Nigel Wall, NRL.com
1. So many stars
The reigning premiers are flush with more representative talent than any other club – so many stellar performers that they’ve barely a position held down by someone who hasn’t pulled on a jersey for his state, country or culture. The individual brilliance among the roster and their selective combinations is stunning: halves Daly Cherry-Evans and Kieran Foran joined forces to add the second most try assists in 2011 (bettered only by Broncos pair Darren Lockyer and Peter Wallace, the former now retired); Cherry-Evans went on to wear the green and gold in his rookie season; Brett Stewart scored the second most tries by a fullback behind Ben Barba; Jamie Lyon and Steve Matai added the second most line-breaks by any centre combination (23); Anthony Watmough broke more tackles than any other second-rower (77); Tony Williams ended the season as one of the game’s most damaging back-rowers, terrorising international oppositions in the Four Nations; and lock Glenn Stewart capped a huge year by winning the Clive Churchill Medal. Add the return of former Kangaroos and Blues winger David Williams and co-captain Jason King and why wouldn’t they threaten back-to-back premierships?
2. A point to prove
Incredibly just three members of the Sea Eagles’ squad – brothers Brett and Glenn Stewart and Anthony Watmough – can remember a Manly coach other than Des Hasler barking orders at them. Hasler became the second-longest serving Sea Eagles coach during eight productive years at Brookvale. Under his guidance the maroon-and-whites contested three grand finals, won two premierships and missed the top eight just once – in his debut coaching year in 2004. Of course, that cosy relationship fractured just weeks after Manly’s premiership victory last October, with Hasler hot-footing it to the Bulldogs after a dispute with management over contract negotiations.
There’s no doubt the player group was left gutted, especially given the very public spat that followed, with allegations Hasler was intent on poaching as much Sea Eagles talent as possible. But the players put their abject disappointment to the side and rallied around their club colours. Hence, despite carrying off rugby league’s greatest prize not four months ago, they have a massive point to prove: that the sum of their worth extends beyond the influence of one of the most successful coaches of the past decade. With the players’ credibility on the line, expect total focus and rousing efforts.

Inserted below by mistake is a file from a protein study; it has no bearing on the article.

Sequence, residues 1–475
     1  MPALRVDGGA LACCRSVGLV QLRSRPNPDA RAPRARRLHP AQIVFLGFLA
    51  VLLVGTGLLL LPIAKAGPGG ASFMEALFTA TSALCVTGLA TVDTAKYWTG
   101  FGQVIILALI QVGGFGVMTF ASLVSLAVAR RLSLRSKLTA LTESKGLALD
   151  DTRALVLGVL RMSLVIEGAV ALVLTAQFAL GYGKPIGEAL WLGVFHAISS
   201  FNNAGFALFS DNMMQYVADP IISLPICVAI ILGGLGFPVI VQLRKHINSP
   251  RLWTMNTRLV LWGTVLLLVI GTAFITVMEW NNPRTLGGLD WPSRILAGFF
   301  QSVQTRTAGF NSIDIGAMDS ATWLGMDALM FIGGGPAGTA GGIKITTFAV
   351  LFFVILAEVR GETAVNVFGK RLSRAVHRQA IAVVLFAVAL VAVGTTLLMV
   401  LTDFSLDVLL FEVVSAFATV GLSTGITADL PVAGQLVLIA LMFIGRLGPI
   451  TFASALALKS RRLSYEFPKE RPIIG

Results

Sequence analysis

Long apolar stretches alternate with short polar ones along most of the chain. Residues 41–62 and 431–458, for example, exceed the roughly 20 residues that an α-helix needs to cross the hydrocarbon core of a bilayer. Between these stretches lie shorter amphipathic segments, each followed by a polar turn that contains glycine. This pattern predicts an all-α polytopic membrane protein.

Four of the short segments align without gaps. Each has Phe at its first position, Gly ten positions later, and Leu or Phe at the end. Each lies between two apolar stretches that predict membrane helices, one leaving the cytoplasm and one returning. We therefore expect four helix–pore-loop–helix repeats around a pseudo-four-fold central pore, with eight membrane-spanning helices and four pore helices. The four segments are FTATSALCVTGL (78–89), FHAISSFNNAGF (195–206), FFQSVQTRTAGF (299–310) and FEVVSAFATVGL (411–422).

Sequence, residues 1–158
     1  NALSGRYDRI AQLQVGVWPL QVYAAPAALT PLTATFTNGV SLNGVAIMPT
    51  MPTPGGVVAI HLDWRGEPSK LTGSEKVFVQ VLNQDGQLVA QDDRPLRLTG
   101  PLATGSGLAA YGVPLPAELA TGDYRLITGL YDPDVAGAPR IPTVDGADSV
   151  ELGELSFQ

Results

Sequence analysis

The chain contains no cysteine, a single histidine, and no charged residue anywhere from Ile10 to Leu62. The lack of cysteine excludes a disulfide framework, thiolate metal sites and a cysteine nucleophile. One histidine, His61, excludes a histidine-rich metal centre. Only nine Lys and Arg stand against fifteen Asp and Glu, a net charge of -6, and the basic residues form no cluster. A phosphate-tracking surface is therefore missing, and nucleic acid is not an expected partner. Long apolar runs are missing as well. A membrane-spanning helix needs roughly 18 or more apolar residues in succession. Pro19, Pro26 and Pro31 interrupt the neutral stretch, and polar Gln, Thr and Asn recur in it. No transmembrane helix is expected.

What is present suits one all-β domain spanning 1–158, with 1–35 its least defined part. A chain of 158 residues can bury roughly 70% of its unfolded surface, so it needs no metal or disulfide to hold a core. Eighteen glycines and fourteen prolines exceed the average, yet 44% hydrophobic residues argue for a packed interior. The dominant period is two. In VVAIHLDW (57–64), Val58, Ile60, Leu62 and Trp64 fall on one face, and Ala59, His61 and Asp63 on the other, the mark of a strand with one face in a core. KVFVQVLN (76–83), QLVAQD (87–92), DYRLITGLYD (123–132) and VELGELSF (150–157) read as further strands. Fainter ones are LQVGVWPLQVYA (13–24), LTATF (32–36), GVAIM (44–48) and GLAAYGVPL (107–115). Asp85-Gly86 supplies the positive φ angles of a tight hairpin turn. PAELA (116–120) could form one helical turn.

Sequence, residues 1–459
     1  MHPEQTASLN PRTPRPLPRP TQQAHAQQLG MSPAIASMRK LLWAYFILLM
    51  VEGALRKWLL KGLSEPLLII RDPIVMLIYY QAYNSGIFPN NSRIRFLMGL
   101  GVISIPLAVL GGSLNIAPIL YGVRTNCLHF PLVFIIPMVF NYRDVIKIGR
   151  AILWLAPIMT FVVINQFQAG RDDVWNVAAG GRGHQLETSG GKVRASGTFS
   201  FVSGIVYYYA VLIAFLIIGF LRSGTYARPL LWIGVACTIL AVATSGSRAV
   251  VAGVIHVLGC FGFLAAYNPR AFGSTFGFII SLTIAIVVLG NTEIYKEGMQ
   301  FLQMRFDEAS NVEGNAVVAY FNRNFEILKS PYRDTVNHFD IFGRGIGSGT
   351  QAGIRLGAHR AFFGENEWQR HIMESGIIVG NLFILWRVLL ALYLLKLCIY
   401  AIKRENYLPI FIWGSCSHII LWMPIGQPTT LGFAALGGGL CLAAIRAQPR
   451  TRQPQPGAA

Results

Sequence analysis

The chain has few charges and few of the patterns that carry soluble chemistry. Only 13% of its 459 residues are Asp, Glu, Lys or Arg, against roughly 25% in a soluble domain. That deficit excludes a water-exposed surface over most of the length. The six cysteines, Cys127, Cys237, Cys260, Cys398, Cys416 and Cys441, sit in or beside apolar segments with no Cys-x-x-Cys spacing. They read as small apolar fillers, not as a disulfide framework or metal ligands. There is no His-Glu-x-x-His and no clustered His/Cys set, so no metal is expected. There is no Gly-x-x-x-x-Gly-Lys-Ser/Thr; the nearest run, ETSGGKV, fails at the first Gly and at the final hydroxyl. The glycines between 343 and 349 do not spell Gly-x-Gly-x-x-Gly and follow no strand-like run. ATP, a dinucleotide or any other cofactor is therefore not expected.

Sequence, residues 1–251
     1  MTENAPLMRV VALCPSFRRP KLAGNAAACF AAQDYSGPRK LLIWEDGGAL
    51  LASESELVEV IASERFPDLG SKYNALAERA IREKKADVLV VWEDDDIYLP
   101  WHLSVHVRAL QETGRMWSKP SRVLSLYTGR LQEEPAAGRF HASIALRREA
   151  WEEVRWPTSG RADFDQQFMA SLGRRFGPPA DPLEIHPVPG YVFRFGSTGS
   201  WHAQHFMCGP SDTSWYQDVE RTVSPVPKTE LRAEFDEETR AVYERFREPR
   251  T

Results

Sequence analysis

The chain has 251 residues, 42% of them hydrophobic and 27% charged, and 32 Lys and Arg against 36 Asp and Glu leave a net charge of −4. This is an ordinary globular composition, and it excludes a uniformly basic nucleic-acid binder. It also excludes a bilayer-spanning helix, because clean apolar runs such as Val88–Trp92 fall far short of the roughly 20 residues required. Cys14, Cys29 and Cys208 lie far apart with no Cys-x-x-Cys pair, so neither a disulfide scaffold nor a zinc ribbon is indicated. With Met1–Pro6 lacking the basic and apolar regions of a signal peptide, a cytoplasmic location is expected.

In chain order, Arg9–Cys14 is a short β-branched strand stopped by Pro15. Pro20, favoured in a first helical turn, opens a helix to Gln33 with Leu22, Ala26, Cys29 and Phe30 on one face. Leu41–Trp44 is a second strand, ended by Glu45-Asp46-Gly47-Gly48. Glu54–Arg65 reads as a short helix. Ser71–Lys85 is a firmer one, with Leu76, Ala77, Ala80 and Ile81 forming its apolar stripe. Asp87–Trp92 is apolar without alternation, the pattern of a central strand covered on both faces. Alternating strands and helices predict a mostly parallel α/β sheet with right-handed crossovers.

3. Daly Cherry-Evans
There will be plenty of so-called experts willing to death-ride Cherry-Evans’ 2012 season on the back of a raft of recent ‘second-year syndrome’ failures – including his Manly predecessor Trent Hodkinson’s just-average follow-up year at the Bulldogs. Our tip: don’t bet on DCE failing. Dumb, dumb, dumb. With the No.7 jersey for Queensland up for grabs and still in the afterglow of his first Kangaroos Tour, we foresee the 22-year-old at least holding his ground. And it’s some ground, too: in his Rookie of the Year season Cherry-Evans played in all of the Sea Eagles 27 games and showed unrivalled skill and impact in the No. 7. No halfback ran more each game (average nine runs), busted more tackles (117), made more tackles (24), or offloaded as often (30). Also, he ranked third for try assists (19) and line-breaks (nine), and revealed a probing kicking game – his 279 metres a match were the third most by any player.
With the same playing roster around him and confidence sky-high, Cherry-Evans has the world at his feet. And the Sea Eagles will gratefully ride his wave of success all the way to the top eight… and beyond. (As for their ‘newbie’ for 2012, look out for towering prop Darcy Lussick to stamp his presence. The 22-year-old played just seven games in 2011 but this is his year to step up and improve on his 25 minutes on the field per game.)
4. Business as usual
The silver lining in the Sea Eagles’ coaching upheaval is that Des Hasler appointed Geoff Toovey as his assistant when he assumed control in 2004. That means the former Manly captain knows the ins and outs of his charges and every intricate detail of the squad’s coaching history. That should ensure stability. While it’s natural that Toovey will look to introduce some subtle variations of his own, don’t expect the Sea Eagles’ game plan to vary much. It should be remembered that Toovey, like Hasler, was a halfback who also spent some time as a hooker during his playing days. They’re cut from the same cloth.
5. No distractions
Manly’s campaign to defend their 2008 title after their 40-0 blitzing of the Melbourne Storm was derailed before it even began when star fullback Brett Stewart was charged with sexual assault on the eve of the 2009 premiership. Negative headlines and backlash, plus a feud with the NRL, dominated their follow-up year; although they made it as far as the qualifying final the Stewart incident (he was cleared in late 2010) haunted their season. They don’t have that negative vibe this time around and it should show both on and off the field. Certainly they were a different side last year when the weight of the world was lifted from Stewart’s shoulders. Make no mistake: Manly will still enjoy being the side all other NRL fans love to hate – they just might occasionally do it with smiles on their faces.